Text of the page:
Today, Spencer and Michael are discussing Mrs. Deadpool and the Howling Commandos 2, originally released July 8th, 2015. This issue is a Secret Wars tie-in. For more Secret Wars coverage from the week, click here.
Spencer: One of my best friends and I quite often find ourselves arguing about how “realistic” a story should be. He loves stories that could take place in our “real” world, while they sometimes rub me the wrong way. Don’t get me wrong, there’s quite a few stories that benefit from a sense of gritty realism (The Black Hoodis an excellent, recent example), but I resent the idea that all stories need to be realistic. Our world is quite often an awful place, and fiction is my way of escaping it — I get a lot of joy out of stories that can break the restrictive rules of our reality. Gerry Duggan and Salva Espin’s Mrs. Deadpool and the Howling Commandos 2 is just such a story, one which takes great pleasure in transcending the limits of both reality and traditional narrative structures. It’s a hoot. Continue reading →
Today, Drew and Patrick are discussing Daredevil 33, originally released November 22nd, 2013.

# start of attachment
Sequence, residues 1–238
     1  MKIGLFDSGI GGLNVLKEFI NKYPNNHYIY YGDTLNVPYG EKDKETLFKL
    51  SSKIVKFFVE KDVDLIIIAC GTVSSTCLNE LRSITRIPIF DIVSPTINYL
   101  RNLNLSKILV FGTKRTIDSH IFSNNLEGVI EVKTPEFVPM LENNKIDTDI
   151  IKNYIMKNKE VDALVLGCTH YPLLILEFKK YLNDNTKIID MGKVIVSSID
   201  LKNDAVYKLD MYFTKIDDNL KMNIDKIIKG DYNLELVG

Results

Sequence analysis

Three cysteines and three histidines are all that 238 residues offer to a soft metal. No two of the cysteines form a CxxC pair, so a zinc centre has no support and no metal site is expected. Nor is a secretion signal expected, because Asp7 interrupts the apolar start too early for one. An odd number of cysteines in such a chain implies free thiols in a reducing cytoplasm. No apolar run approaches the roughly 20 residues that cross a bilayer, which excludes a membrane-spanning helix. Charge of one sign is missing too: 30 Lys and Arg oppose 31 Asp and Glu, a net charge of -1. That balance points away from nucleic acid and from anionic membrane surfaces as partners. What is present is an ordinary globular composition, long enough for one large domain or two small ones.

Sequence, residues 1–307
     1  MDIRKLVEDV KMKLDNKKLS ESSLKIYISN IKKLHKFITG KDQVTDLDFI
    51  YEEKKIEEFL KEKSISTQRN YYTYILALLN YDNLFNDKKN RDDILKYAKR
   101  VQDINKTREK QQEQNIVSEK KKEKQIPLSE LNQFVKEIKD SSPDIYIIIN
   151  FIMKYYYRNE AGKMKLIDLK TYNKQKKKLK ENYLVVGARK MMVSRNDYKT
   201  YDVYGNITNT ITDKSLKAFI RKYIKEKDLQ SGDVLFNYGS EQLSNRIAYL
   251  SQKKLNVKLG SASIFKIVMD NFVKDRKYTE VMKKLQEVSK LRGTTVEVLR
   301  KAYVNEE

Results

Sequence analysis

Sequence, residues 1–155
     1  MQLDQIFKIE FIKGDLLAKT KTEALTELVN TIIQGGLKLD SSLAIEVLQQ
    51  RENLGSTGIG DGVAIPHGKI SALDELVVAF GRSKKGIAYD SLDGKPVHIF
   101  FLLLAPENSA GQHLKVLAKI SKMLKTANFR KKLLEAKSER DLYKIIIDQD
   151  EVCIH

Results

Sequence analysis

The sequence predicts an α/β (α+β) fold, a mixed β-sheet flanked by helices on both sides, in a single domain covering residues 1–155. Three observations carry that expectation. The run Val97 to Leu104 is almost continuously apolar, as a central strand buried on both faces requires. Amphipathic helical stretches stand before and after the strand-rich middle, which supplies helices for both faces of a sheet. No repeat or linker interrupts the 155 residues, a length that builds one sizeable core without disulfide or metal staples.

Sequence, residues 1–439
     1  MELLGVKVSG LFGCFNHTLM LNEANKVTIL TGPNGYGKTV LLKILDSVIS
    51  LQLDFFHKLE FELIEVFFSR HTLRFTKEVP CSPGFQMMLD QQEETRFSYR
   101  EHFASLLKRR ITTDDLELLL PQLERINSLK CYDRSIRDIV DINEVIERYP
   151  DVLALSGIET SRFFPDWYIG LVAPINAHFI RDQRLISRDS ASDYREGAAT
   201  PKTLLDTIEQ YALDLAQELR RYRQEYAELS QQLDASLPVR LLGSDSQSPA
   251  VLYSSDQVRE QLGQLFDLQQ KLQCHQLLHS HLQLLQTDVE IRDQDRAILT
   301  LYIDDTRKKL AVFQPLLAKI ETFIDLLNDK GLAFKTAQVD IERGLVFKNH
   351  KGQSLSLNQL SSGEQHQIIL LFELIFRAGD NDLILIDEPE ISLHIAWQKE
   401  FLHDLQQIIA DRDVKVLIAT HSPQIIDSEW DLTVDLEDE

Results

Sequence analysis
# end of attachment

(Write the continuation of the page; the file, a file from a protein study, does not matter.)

Drew: “The man without fear” is kind of a strange title for a superhero — between absurd power levels and unmatchable competence, most superheroes have nothing to fear in the first place. Heck, the Avengers just repelled an unstoppable force of universal destruction and one of them just shoots arrows. This prompts supervillain inflation, where each bad guy needs to be bigger than the last in order to draw any drama from the situation — at least, that’s usually the solution for most writers. Mark Waid, on the other hand, has taken Matt Murdock’s title to heart, and has set out to explore the kinds of horrors that have nothing to do with the size of the guy Daredevil has to punch. The result is incredibly relatable and human, but also extremely rare in modern comics. Continue reading →
Today, Ethan and Drew are discussing Daredevil 32, originally released October 23rd, 2013.
Ethan: There have been a couple of times now that I’ve wondered aloud about whether this or that character in Daredevil is about to die. Sometimes with tongue in cheek, like when we saw the crooked judge take a pot shot at Matt in the courthouse, or with a little more concern like at the end of the last issue, where we saw something that looked like Foggy hanging from the neck in a darkened room. I don’t know if it’s just coincidence or a concerted effort by Mark Waid to always seem like he’s killing off one of his characters, but guess what: in Daredevil 32, I think he’s really done it. He’s gone and punched Matt Murdock’s ticket.